Becoming a qualified lawyer has been enormously beneficial. So much of the subject matter I deal with day-to-day not only interests me, but I also have some knowledge about. My law degree has been useful when studying Acts of Parliament, Explanatory Memorandums and understanding a new Legislative Bill, particularly at short notice. Studying law also prepared me to think forensically and clearly, and to think quickly on my feet, which are skills you need when speaking in Parliament.

When my predecessor, former Attorney-General Rob Hulls, announced his resignation, I wasn’t going to die wondering. I’d lived in my local community all my life. I’d been an advisor to a Premier, a Government lawyer, a volunteer solicitor and a Federal Government advisor. I’ve always been prepared to have a go, and it was either going to happen or it wasn’t. If it hadn’t, I would have gone off with my qualification and done something else, but I got elected. It’s my greatest honour – standing in Victorian Parliament as Member for Niddrie, representing the community I was raised in and the people of Melbourne’s north-west.

I’ve always lived by the ethos that every constituent should be given the opportunity to be seen and heard. I’m prepared to meet with anyone who wants to meet with me. And while I can’t solve everyone’s problem, I do believe they should have face-to-face time with their local MP to speak about their issue. Having had experience in legal aid – I worked as a volunteer lawyer for a few years at the Inner Melbourne Community Legal Centre – I run my local electorate office very much like a legal aid service. Constituents come in, and we write letters and advocate on their behalf.

What got me to this position is being able to adapt and seize opportunities. I enrolled in the Bachelor of Arts because I originally wanted to be a journalist, but careers go in many and varied directions, and I seized every opportunity that came my way. I joined the La Trobe Labor Club during my Arts degree, then I joined my local branch and became Secretary, then President. And I had the privilege of obtaining a law degree. Law permeates every aspect of society, so studying it sets you up for a whole variety of fields. It’s one of the most adaptable academic qualifications you can have.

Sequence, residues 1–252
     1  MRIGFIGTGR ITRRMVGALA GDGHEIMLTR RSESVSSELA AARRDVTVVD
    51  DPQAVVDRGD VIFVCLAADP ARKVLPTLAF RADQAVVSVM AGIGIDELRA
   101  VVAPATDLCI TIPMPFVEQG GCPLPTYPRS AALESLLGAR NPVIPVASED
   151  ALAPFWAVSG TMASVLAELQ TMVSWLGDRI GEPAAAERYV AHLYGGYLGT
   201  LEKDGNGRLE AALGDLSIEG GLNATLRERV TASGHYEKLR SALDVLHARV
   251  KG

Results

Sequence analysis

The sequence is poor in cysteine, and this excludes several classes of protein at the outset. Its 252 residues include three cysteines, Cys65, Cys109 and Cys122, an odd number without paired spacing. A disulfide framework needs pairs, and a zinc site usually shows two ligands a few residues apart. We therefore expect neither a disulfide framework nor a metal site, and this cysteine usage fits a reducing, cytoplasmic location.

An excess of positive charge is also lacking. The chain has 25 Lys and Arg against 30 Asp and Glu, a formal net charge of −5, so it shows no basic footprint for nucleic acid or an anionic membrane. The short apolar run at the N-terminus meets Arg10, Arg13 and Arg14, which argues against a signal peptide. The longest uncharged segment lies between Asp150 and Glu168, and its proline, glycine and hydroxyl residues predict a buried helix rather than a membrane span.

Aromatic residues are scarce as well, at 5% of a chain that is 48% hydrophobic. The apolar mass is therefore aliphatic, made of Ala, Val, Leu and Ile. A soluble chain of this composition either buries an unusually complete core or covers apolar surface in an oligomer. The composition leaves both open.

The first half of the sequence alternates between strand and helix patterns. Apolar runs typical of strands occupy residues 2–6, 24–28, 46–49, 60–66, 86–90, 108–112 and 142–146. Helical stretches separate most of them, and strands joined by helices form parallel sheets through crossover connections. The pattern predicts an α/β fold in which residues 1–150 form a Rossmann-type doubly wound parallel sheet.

Because I found La Trobe a very stimulating environment, I ended up doing three degrees there! After my Bachelor of Laws, I went on to do a Master of Laws (Global Business Law) in 2014. I was taught by not only some of best in Australia, but also by international lecturers who were experts in their fields. The passion with which they taught and communicated with students is key to La Trobe’s success.

The best advice I could give law students would be to form a study group of like-minded students. Pushing each other along is an enormous help and motivator. I’d also encourage young students to take a subject overseas. You’ll come across different legal systems, which will broaden your opportunities. And as someone starting out, having a second language makes you such an attractive option for a prospective employer.

The only other thing I’d recommend is don’t get freaked out by studying law. Put your head down, and reduce your number of subjects if you need to, but if you’ve got an interest in current affairs and how society works, you’re going to find your place in a La Trobe law degree.